A year ago, the International Criminal Court issued an arrest warrant for former president of Côte d'Ivoire, Laurent Gbagbo, and not that long ago a warrant was issued for the arrest of his wife Simone. The couple is accused of crimes against humanity, mass torture, rape and murder. However, some experts say that the fault also lies with their opponent and French troops.
On November 22nd, 2012 The International Criminal Court in The Hague issued a warrant for the arrest of Simone Gbagbo, the former First Lady of Côte d'Ivoire. According to the International Court of Justice, Simone Gbagbo is accused of numerous "crimes against humanity." According to the BBC, Simone's husband is currently awaiting trial in The Hague. He was also accused of crimes against humanity during the 2010 presidential election.
The arrest warrant says that Simon is charged with four counts, among which are rape, murder and other crimes against humanity. Laurent Gbagbo was brought similar charges and in addition was accused of death of over three thousand people killed in the recent civil war.
The Gbagbo were arrested in Côte d'Ivoire on April of 2011, exactly five months after the presidential election. According to experts of the International Criminal Court, Simon was called a "gray cardinal" by many citizens of Côte d'Ivoire. The riots in the country began after the elections ended not in favor of Gbagbo and he was replaced in office by Alassane Ouattara. Immediately after the announcement of the results, mass riots ensued, the borders were blocked and broadcasting of foreign channels was suspended. Two days after the announcement of the results, the country's constitutional council overturned them, leaving incumbent President Laurent Gbagbo in office.
The refusal to hand over power triggered riots. This conflict began over religious and national reasons as the opposition of the tribes in the south and the north of Côte d'Ivoire has long been known.
Representing South, Laurent Gbagbo did not intend to yield the power to the people from the north represented by a new President Alassane Ouattara. This situation forced Ouattara to push troops to the capital in order to overthrow Laurent Gbagbo. The African Court of Human Rights also had a very negative reaction to the fierce resistance of Gbagbo and called for his immediate surrender.
French troops brought into the territory of the country with an alleged peacekeeping mission to protect French citizens eventually attacked the presidential palace and captured Laurent to hand him over to the supporters of Alassane Ouattara. Laurent Gbagbo continued to demand a recount, however, this time under the control of the UN. His request was denied, and his resistance was declared unlawful. In total, about three thousand people were killed during the civil war. The facts show that the security forces of the state on the direct orders of Laurent detained undesirable citizens suspected of collaborating with the opposing party, and subjected them to brutal torture. According to international human rights organization Amnesty International, over 200 people fell their victims.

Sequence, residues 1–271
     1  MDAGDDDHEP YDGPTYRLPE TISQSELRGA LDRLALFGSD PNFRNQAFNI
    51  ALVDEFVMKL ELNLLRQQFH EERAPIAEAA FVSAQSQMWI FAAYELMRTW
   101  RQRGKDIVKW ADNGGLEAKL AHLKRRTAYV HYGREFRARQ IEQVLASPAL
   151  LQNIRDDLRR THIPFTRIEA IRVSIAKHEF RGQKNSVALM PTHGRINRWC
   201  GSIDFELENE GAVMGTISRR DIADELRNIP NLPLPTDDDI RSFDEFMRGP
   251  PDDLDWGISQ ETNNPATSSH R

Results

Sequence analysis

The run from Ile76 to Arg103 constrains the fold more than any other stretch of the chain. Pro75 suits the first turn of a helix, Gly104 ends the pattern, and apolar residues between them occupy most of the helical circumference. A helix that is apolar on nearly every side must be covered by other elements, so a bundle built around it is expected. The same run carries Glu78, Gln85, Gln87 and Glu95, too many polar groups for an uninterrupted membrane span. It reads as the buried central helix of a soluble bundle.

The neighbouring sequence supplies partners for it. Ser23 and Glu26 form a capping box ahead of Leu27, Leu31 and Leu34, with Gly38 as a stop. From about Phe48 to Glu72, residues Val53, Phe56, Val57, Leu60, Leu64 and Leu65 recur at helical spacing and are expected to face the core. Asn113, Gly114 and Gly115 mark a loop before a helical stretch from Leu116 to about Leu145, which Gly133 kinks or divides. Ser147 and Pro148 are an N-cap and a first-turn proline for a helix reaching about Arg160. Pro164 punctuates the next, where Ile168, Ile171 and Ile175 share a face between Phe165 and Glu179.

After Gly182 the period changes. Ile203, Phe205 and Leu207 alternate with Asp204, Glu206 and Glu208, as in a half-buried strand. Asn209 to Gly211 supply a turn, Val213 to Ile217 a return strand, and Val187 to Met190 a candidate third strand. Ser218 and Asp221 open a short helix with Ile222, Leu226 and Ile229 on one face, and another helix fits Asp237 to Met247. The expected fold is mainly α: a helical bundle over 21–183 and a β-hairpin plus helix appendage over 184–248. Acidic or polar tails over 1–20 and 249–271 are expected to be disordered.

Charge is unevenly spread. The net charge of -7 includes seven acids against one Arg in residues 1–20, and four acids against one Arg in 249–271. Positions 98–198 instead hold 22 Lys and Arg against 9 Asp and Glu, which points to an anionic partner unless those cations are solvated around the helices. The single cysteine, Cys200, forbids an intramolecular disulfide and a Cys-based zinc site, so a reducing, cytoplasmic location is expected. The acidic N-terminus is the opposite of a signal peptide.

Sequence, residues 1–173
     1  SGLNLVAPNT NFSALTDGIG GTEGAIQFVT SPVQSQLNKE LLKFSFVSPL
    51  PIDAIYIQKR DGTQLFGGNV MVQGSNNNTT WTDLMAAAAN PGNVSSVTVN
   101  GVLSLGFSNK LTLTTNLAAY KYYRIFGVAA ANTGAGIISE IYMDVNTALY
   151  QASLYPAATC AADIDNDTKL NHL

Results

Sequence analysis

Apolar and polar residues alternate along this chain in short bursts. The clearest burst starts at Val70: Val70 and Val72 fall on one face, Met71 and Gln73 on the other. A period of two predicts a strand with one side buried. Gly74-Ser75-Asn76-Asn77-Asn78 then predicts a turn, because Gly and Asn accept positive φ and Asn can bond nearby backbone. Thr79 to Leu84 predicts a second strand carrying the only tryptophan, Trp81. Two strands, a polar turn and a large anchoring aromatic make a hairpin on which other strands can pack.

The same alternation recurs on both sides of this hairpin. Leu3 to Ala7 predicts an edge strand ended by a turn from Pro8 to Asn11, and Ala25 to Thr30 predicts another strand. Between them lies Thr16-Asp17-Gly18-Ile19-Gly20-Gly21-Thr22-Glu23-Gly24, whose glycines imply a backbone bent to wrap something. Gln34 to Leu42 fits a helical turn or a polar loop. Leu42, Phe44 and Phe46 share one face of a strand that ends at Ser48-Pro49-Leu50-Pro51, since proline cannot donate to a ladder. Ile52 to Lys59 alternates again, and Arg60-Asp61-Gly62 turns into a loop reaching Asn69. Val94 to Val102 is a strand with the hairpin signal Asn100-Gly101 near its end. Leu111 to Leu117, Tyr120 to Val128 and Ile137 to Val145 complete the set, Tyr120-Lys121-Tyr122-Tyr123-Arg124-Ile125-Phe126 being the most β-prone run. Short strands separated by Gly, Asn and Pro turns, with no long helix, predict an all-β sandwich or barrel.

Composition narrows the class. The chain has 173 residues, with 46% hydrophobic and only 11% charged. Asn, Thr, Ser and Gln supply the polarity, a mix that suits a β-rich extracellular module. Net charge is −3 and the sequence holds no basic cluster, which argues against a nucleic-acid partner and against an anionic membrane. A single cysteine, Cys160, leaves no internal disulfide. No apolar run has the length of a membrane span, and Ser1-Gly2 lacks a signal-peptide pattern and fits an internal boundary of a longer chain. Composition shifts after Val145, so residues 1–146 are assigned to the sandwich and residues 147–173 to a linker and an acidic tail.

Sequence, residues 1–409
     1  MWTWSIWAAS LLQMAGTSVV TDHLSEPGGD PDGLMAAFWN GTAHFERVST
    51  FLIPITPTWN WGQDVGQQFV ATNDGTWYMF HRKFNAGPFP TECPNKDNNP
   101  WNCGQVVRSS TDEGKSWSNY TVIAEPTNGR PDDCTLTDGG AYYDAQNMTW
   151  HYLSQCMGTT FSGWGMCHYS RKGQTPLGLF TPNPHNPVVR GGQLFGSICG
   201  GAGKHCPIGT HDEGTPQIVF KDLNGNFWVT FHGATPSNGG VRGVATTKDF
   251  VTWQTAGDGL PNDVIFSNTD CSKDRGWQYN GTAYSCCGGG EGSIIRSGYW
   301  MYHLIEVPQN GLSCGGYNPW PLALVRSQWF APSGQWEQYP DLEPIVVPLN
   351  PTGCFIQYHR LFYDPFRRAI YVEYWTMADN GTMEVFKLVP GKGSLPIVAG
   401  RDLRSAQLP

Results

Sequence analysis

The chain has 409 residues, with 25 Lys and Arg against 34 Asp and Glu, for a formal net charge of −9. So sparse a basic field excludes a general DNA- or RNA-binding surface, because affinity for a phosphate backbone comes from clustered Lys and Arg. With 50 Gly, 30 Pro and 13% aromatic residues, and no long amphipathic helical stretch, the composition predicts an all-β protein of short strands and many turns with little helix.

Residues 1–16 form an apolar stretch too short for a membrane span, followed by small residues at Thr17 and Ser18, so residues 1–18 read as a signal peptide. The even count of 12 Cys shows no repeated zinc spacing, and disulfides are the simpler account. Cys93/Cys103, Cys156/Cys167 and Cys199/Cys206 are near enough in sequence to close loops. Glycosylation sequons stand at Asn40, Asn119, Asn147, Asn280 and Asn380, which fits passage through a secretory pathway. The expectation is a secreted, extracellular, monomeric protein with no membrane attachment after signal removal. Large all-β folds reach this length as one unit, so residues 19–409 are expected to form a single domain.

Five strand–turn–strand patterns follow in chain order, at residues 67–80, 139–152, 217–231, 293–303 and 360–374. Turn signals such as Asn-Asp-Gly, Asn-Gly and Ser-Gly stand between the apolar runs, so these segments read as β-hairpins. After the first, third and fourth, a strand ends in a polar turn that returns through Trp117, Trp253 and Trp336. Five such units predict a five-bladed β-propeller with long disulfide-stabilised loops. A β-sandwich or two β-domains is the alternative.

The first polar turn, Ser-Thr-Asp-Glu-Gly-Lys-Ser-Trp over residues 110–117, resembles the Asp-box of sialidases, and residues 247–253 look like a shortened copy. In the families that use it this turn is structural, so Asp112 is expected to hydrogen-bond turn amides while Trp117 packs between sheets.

Representatives of various countries had different reactions to the events in Côte d'Ivoire. For example, the Russian Foreign Minister Sergey Lavrov was quite skeptical about the actions of the French troops in the country. According to him, Russia wanted to hear an explanation of why the UN troops, despite the mandate that required peacekeepers to be impartial, entered into an armed conflict with local law enforcement agencies.
Some African analysts do not share the opinion of the UN that the civil war was unleashed by the Gbagbo couple. As stated in an interview with EuroNews by an expert on West Africa and a member of Amnesty International Gaëtan Mutu, both sides were guilty of inciting the conflict. According to him, the UN unilaterally identified the perpetrators, which is fundamentally wrong.
After visiting the so-called New Camp, that is, the territory under the control of a new president, Gaëtan Mutu noted that representatives of the security forces of Alassane Ouattara also committed crimes against humanity. According to him, every day 25 to 30 victims came to hospitals, most of them were women raped by members of the new government. The victims could not complain to anyone because the administrative system in the new government was almost non-existent, and the criminals were high ranking officials. In addition, according to Mutu, many people tried to evacuate from the territories occupied by the representatives of Ouattara, but the military tried to stop them from leaving. He cited an example where representatives of the new government arrested a man trying to leave the area in search of refuge, and then beat him and burned him to death.
It turns out that the Gbagbo are not the only ones who committed the crimes against humanity, and representatives of the opposing side are also to blame. However, so far the International Criminal Court is only considering the case of the Gbagbo family.
As for the evaluation of Gbagbo as president, according to a specialist on Africa Philip Hugon, it is hard to give him a positive assessment. He thinks that Côte d'Ivoire requires a more experienced and authoritative leader, who Ouattara may very well be.
At some point, the current president was a Deputy Director of the International Monetary Fund and is well versed in the economics and international politics. This experience should help him run the country.
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